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Where Example is mediocre and American Standard just kind of clueless, the debut of North Carolina band Jolene is damnably awful. Hell’s Half Acre, on the same Ardent label that was home to major R.E.M. influence Big Star, takes its title from a Southern idiom less obscure than “losing my religion.” From there, it continues to dumb down the rusticity thing, with a steel guitar the major stylistic addition to the reconstruction-of-Reckoning vibe. R.E.M. has been accused of dealing in nostalgia, but it has never been so pointlessly know-nothing as this record’s “Esseola 181,” which helpfully proclaims, “This town in Blue Ridge, Appalachia, stands forever.”
On Hell’s, you get what main songwriter John Crooke is singing about in three seconds. Put together the title “Birdland,” a reference to a dog, and the Stipean words “ritualized” and “trying to dance where the steps are formal,” and it’s clear the song is about hunting—“Birdland,” get it?—and also that Crooke has nothing whatsoever to say about it.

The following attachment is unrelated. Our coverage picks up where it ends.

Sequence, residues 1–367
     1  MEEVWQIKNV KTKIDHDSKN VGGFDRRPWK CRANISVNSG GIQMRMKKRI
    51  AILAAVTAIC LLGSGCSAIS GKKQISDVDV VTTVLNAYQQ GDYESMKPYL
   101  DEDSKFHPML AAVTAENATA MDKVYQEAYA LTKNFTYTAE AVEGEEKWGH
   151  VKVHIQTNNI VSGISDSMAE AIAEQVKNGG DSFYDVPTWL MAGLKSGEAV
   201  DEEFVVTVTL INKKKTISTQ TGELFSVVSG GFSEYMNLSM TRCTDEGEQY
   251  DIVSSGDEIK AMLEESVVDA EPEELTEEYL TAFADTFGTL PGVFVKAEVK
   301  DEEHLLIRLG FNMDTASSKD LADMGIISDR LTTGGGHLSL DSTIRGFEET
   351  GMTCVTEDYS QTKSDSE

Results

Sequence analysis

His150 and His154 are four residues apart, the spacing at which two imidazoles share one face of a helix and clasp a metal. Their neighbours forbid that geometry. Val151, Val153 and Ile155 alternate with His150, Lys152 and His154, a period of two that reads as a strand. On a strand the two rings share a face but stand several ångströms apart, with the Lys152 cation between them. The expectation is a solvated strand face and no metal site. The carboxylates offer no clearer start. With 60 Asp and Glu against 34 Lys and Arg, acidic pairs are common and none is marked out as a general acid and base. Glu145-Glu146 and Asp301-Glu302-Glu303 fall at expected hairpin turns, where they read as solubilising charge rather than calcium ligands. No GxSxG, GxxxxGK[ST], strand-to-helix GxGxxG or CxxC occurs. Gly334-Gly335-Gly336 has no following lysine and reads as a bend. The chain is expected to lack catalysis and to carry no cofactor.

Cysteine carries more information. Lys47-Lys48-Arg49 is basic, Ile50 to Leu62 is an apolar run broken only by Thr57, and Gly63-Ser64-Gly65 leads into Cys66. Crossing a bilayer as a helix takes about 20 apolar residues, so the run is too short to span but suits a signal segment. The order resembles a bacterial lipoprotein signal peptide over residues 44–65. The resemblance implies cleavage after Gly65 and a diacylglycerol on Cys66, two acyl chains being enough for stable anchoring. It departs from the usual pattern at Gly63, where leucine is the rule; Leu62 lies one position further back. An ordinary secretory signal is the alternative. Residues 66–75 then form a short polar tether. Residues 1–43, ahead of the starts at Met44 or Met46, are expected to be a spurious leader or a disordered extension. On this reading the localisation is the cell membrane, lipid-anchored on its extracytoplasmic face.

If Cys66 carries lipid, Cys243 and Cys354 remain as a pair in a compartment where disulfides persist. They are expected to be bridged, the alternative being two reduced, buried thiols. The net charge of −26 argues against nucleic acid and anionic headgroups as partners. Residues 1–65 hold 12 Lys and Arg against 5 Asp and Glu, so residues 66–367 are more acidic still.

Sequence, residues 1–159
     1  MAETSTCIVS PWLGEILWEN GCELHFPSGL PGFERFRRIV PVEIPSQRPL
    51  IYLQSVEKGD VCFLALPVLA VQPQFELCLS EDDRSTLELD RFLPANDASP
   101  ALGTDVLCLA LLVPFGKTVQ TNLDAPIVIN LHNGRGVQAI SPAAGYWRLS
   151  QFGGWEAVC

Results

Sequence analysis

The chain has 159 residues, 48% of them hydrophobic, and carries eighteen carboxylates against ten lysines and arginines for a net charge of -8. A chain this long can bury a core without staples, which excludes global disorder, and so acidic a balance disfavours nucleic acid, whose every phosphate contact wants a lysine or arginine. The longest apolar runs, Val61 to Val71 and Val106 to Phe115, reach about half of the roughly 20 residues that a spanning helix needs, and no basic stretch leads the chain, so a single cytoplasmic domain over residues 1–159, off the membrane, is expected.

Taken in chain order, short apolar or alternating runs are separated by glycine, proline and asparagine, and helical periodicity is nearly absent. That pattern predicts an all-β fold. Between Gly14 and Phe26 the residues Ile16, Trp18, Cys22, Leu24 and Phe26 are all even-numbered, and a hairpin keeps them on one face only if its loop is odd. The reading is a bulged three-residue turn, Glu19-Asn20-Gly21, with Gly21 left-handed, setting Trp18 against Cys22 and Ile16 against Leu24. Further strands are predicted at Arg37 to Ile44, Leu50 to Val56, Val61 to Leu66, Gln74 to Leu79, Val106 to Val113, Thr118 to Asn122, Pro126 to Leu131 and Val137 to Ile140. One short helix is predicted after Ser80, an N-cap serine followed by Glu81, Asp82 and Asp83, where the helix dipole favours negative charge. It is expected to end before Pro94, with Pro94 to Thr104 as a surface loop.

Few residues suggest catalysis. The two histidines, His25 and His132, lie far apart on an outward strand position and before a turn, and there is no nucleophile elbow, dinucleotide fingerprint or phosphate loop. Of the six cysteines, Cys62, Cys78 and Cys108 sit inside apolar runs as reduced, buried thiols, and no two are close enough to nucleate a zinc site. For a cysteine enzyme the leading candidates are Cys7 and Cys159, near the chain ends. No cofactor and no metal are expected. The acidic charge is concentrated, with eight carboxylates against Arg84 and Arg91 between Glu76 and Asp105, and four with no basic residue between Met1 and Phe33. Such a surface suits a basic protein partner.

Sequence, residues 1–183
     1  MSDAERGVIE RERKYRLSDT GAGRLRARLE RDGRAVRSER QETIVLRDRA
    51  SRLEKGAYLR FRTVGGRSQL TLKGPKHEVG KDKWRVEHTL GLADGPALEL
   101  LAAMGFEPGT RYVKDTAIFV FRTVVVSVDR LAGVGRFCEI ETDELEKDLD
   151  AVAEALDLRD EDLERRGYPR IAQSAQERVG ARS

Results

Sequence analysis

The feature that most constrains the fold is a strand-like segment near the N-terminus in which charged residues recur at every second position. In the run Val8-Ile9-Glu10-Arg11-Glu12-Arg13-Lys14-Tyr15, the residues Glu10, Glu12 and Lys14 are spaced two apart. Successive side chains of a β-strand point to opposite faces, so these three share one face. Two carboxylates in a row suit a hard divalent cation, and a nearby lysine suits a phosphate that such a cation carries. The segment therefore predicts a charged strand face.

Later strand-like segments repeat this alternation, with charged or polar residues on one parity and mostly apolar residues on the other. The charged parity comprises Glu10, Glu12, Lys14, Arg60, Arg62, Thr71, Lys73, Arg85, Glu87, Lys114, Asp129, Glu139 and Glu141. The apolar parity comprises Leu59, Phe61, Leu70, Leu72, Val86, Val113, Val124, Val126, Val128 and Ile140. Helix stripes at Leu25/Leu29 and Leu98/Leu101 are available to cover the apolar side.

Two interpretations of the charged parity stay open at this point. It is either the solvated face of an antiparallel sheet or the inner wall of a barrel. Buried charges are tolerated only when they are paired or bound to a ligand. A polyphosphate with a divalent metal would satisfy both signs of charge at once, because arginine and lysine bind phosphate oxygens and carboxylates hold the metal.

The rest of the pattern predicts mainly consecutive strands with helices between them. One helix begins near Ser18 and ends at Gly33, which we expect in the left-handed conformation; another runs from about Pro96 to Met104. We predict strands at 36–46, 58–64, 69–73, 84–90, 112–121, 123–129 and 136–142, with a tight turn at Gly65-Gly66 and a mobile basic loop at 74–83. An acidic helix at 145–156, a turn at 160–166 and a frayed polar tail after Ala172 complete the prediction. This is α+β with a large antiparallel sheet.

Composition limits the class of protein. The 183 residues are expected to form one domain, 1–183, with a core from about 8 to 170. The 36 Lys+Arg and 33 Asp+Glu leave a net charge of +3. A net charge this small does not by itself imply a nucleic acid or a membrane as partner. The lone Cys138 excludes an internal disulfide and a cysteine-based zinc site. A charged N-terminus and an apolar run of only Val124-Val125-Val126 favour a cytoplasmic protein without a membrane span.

Elsewhere, Crooke uses the style to put across overwrought, clumsily confessional plaints like “In My House” (there’s a stranger there, doncha know) and “I Read What You Wrote Today.” The latter rounds up further R.E.M. diction-ary entries (“finalize circumstance”) as if Crooke is trying to write lyrics he can imagine seeing excerpted in a Howard Finster cover painting. Hell’s Half Acre is generally obtuse, but it becomes downright offensive when Crooke links his unappealing groan to Athens resident Vic Chesnutt’s “Isadora Duncan.” The self-pity that bleeds through this rendition of the paralyzed Chesnutt’s line “Last night I dreamed I was dancing” is far more unforgivable than the stupidity displayed over the rest of the album. If John Vigliatura was just a kid, Crooke sounds old enough to know better. Unfortunately, that’s the sole convincing thing about Jolene.CP